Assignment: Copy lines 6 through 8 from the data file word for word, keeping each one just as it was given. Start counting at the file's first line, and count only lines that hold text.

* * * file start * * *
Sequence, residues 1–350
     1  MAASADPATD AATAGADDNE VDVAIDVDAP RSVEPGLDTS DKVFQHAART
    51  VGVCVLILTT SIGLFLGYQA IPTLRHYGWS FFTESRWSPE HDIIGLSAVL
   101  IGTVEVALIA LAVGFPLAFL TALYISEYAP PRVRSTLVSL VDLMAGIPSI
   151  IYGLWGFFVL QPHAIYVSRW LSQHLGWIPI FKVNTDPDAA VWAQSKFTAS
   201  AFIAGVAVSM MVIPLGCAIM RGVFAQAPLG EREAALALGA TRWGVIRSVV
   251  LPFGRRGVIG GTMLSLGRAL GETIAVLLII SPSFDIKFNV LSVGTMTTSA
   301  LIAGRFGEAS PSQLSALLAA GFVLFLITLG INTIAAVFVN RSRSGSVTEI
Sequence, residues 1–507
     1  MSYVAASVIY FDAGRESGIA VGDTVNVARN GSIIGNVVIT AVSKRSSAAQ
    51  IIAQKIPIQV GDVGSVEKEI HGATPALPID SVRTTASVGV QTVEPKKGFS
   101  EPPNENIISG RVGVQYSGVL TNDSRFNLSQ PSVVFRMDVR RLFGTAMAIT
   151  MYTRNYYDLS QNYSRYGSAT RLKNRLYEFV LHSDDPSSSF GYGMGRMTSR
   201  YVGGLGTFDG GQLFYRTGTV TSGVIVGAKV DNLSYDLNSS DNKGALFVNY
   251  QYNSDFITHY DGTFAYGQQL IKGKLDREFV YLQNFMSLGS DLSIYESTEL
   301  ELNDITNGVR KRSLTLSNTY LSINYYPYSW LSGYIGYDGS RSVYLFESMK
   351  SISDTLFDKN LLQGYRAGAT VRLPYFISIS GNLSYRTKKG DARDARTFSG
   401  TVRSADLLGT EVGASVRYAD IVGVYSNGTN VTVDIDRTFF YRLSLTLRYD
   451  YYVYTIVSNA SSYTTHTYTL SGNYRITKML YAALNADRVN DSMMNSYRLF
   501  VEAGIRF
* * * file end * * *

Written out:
   201  AFIAGVAVSM MVIPLGCAIM RGVFAQAPLG EREAALALGA TRWGVIRSVV
   251  LPFGRRGVIG GTMLSLGRAL GETIAVLLII SPSFDIKFNV LSVGTMTTSA
   301  LIAGRFGEAS PSQLSALLAA GFVLFLITLG INTIAAVFVN RSRSGSVTEI